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An entropic safety catch controls Hepatitis C virus entry and antibody resistance

Stejskal, Lenka; Kalemera, Mphatso D; Lewis, Charlotte B; Palor, Machaela; Walker, Lucas; Daviter, Tina; Lees, William D; ... Grove, Joe; + view all (2022) An entropic safety catch controls Hepatitis C virus entry and antibody resistance. eLife , 11 , Article e71854. 10.7554/eLife.71854. Green open access

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Abstract

E1 and E2 (E1E2), the fusion proteins of Hepatitis C Virus (HCV), are unlike that of any other virus yet described, and the detailed molecular mechanisms of HCV entry/fusion remain unknown. Hypervariable region-1 (HVR-1) of E2 is a putative intrinsically disordered protein tail. Here, we demonstrate that HVR-1 has an autoinhibitory function that suppresses the activity of E1E2 on free virions; this is dependent on its conformational entropy. Thus, HVR-1 is akin to a safety catch that prevents premature triggering of E1E2 activity. Crucially, this mechanism is turned off by host receptor interactions at the cell surface to allow entry. Mutations that reduce conformational entropy in HVR-1, or genetic deletion of HVR-1, turn off the safety catch to generate hyper-reactive HCV that exhibits enhanced virus entry but is thermally unstable and acutely sensitive to neutralising antibodies. Therefore, the HVR-1 safety catch controls the efficiency of virus entry and maintains resistance to neutralising antibodies. This discovery provides an explanation for the ability of HCV to persist in the face of continual immune assault and represents a novel regulatory mechanism that is likely to be found in other viral fusion machinery.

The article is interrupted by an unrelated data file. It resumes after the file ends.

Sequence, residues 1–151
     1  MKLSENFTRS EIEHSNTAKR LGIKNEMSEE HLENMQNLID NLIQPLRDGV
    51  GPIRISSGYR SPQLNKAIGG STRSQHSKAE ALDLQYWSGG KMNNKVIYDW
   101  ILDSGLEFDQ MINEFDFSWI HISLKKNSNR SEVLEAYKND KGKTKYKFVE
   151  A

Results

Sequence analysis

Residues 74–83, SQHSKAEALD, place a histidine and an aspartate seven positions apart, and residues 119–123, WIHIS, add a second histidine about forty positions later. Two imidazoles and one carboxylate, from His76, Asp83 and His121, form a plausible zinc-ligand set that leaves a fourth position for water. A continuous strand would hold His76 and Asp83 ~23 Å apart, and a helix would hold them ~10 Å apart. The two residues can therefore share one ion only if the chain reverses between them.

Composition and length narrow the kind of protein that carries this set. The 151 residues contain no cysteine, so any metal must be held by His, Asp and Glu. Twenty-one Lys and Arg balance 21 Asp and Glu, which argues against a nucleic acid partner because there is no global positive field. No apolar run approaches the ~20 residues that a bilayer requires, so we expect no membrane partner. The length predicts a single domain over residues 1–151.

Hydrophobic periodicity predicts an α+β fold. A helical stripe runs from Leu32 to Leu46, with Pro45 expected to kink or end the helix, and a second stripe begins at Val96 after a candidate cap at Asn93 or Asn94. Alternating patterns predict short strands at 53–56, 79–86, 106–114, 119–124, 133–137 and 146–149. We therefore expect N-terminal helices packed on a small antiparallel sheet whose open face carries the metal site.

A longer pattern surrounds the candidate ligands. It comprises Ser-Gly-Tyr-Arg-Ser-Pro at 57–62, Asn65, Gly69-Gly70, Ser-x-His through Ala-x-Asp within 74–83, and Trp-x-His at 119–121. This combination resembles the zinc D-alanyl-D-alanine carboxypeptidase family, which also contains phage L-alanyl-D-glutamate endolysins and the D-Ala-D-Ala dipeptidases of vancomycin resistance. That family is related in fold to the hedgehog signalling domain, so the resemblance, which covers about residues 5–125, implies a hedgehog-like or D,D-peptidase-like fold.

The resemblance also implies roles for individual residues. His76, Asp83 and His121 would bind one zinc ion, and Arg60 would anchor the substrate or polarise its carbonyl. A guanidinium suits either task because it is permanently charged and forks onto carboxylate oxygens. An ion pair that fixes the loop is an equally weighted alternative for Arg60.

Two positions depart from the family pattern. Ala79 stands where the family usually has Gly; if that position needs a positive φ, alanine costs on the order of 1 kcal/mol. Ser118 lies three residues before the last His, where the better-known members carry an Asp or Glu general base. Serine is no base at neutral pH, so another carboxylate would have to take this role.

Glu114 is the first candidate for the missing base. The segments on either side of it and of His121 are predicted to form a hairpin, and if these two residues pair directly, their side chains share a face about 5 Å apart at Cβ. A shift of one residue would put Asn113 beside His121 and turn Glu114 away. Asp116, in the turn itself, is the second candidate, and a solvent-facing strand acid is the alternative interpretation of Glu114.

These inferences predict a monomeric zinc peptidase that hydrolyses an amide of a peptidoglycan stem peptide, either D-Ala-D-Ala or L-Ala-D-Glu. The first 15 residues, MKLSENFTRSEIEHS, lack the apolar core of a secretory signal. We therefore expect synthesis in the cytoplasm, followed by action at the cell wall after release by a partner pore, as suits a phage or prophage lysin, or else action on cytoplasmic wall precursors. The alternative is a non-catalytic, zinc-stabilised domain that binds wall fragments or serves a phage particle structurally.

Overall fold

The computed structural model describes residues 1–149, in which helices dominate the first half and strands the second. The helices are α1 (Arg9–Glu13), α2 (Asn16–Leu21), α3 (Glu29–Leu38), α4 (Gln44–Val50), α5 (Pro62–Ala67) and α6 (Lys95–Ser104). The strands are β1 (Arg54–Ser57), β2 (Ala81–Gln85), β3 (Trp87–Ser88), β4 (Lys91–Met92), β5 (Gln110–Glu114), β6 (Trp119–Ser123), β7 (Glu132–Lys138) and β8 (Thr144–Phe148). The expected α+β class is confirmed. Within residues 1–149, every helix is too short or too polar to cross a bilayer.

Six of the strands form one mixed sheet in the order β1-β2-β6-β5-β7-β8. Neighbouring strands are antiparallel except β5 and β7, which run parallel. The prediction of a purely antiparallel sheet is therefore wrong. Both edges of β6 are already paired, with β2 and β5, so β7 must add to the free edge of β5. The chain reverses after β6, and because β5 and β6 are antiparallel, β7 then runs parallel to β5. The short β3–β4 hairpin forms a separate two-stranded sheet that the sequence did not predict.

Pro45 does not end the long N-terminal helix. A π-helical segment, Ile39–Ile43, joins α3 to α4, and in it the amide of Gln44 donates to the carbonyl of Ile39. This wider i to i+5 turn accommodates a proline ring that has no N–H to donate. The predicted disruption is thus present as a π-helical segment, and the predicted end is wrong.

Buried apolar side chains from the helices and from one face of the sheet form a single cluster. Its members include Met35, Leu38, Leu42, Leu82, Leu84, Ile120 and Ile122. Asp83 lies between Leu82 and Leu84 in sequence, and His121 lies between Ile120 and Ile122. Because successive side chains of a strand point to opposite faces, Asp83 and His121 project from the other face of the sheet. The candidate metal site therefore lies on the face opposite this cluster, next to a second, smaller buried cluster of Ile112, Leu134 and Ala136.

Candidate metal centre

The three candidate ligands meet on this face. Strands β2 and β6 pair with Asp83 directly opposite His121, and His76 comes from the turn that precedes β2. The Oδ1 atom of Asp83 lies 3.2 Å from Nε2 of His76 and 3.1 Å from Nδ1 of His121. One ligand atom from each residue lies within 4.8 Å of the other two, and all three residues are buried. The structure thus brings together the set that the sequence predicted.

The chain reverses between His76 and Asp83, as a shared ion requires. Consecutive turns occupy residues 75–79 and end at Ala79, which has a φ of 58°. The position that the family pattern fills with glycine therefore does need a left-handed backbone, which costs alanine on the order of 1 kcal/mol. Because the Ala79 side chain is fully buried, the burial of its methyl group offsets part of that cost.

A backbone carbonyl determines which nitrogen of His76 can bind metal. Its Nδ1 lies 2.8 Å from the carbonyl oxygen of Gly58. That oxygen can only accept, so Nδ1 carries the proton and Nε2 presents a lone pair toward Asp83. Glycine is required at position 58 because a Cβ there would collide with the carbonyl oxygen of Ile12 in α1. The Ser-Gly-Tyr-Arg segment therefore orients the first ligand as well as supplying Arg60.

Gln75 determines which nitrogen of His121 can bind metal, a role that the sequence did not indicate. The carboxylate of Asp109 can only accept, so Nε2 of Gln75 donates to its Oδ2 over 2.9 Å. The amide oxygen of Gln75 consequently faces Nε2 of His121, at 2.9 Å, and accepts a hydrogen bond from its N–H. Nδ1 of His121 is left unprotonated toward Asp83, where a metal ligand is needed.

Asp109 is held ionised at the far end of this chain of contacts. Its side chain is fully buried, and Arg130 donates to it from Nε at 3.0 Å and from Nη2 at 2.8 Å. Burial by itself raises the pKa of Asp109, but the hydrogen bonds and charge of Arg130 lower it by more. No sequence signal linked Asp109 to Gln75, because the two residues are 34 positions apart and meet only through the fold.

Type: Article
Title: An entropic safety catch controls Hepatitis C virus entry and antibody resistance
Location: England
Open access status: An open access version is available from UCL Discovery
DOI: 10.7554/eLife.71854
Publisher version: https://doi.org/10.7554/eLife.71854
Language: English
Additional information: This work is licensed under a Creative Commons Attribution 4.0 International License. The images or other third-party material in this article are included in the Creative Commons license, unless indicated otherwise in the credit line; if the material is not included under the Creative Commons license, users will need to obtain permission from the license holder to reproduce the material. To view a copy of this license, visit http://creativecommons.org/licenses/by/4.0/
Keywords: infectious disease, microbiology, molecular biophysics, structural biology, viruses
UCL classification: UCL > Provost and Vice Provost Offices > School of Life and Medical Sciences > Faculty of Medical Sciences
UCL > Provost and Vice Provost Offices > School of Life and Medical Sciences > Faculty of Medical Sciences > Div of Medicine > Inst for Liver and Digestive Hlth
UCL > Provost and Vice Provost Offices > School of Life and Medical Sciences
UCL
UCL > Provost and Vice Provost Offices > School of Life and Medical Sciences > Faculty of Medical Sciences > Div of Medicine
UCL > Provost and Vice Provost Offices > School of Life and Medical Sciences > Faculty of Life Sciences
UCL > Provost and Vice Provost Offices > School of Life and Medical Sciences > Faculty of Life Sciences > Div of Biosciences
URI: https://discovery.ucl.ac.uk/id/eprint/10151897
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